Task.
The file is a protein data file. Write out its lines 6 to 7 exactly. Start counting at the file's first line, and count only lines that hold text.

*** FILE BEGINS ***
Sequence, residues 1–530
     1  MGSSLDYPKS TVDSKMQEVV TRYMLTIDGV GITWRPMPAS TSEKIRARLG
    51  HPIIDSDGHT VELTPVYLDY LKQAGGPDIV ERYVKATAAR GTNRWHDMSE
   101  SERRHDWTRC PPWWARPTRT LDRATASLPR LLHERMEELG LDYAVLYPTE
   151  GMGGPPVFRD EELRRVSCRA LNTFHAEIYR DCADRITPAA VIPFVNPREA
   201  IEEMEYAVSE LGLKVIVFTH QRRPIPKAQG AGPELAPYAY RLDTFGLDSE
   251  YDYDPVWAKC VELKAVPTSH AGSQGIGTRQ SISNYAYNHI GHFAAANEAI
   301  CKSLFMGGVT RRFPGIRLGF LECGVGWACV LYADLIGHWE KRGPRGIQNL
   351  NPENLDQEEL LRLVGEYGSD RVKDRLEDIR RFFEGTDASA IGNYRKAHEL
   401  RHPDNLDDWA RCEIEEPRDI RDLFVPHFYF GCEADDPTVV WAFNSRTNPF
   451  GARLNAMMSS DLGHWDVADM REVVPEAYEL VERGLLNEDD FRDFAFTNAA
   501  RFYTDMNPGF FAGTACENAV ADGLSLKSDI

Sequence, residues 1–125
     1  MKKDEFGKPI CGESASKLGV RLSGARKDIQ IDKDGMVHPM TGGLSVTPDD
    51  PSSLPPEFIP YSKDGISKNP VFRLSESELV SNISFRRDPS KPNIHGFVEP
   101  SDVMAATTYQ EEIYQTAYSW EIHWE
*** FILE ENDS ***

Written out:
   201  IEEMEYAVSE LGLKVIVFTH QRRPIPKAQG AGPELAPYAY RLDTFGLDSE
   251  YDYDPVWAKC VELKAVPTSH AGSQGIGTRQ SISNYAYNHI GHFAAANEAI